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Issue Date: July 2015
Published Online: July 01, 2015
Updated: April 30, 2020
Virtual Simulation Training in Home Health Care
Author Affiliations
  • University of Louisville
  • The Ohio State University
Article Information
Health and Wellness / Prevention and Intervention
Poster Session   |   July 01, 2015
Virtual Simulation Training in Home Health Care
American Journal of Occupational Therapy, July 2015, Vol. 69, 6911515068. https://doi.org/10.5014/ajot.2015.69S1-PO2104
American Journal of Occupational Therapy, July 2015, Vol. 69, 6911515068. https://doi.org/10.5014/ajot.2015.69S1-PO2104
Abstract

Date Presented 4/16/2015

The study informs the field of occupational therapy about health and safety risks in home health care environments and the participatory design as a method for intervention development.

SIGNIFICANCE: There is increasing demand for home health care services and home health care professionals (HHPs). As a workplace, the home environment is more challenging and variable than other environments. Although HHPs are at high risk of injury and illness, health and safety training is limited, inconsistent, and incomplete. In this study, we are developing and testing an interactive virtual simulation training system (VSTS) to educate HHPs and to assess their ability to identify, assess, and respond to in-home hazards.
INNOVATION: In this study, we address a significant gap in HHP health and safety using a unique training approach. The VSTS assesses risk perceptions and decision making regarding in-home hazards, can be delivered cost effectively via fixed media or the Internet, and is developed using an interdisciplinary participatory approach.
APPROACH: This phase of the study answered the following questions: What hazards do HHPs from different disciplines experience when providing care to clients in their homes? Can a participatory design approach be used to design a virtual simulation intervention?
Occupational therapy professionals in home health care provide services in unpredictable and challenging environments. Empirically sound methods for home-based health and safety training are needed.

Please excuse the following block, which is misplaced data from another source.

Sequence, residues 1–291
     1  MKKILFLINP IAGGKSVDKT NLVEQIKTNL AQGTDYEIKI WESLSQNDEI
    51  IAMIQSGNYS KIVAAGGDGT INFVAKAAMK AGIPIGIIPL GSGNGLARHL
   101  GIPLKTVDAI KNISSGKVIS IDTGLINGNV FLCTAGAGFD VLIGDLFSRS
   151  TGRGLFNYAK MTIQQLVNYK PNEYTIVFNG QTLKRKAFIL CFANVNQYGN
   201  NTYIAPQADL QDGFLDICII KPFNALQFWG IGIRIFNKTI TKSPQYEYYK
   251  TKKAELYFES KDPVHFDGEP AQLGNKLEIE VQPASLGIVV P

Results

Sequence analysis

METHOD: A participatory design was used for this study, which is a user-centered, iterative process. The research team iteratively designed the VSTS with information from participant interviews to ensure realistic scenarios and to address participant recommendations.
The study took place in community, professional, and virtual settings. A total of 69 home health occupational therapists, physical therapists, nurses, and home health aides participated in this phase of the study. Participants completed a background questionnaire and attended focus group or structured individual interviews. They identified hazards encountered in client homes, provided insights about VSTS design, created drawings of rooms and hazards, and reviewed an initial VSTS (basic four-room environment).
Quantitative data were analyzed descriptively (with SPSS Version 21). Interviews were recorded, transcribed, and verified. Qualitative data were analyzed with constant comparison methods. Drawings were analyzed by participants and investigators using an iterative method of drawing and depicting hazards and a systematic method of hazard prioritization. The final coding scheme and thematic layers were established in multiple consensus meetings.
RESULTS: Hazards were modeled on participant descriptions, feedback, and drawings. Hazard categories include Electrical and Fire, Slip, Trip, Lift and Fall, and Environmental, and they address direct (e.g., throw rugs, frayed electrical cords) and indirect (e.g., emulation of haze, animal droppings) hazards. Avatars depict client-related hazards, such as an obese client (direct hazard) with limited mobility (indirect hazard is indicated by a nearby wheelchair).
CONCLUSION: HHPs encounter a common set of health/safety hazards in client homes, though they vary in the type of response expected (home health aide identifies hazard but looks to the occupational therapist for a solution). It is feasible to use a participatory approach to design a VSTS to prevent injuries and illnesses across multiple professional disciplines. In the next phases of the study, we will assess the usefulness, usability, and desirability of the VSTS; continue iterative modifications; and test the effectiveness of the VSTS as a training tool.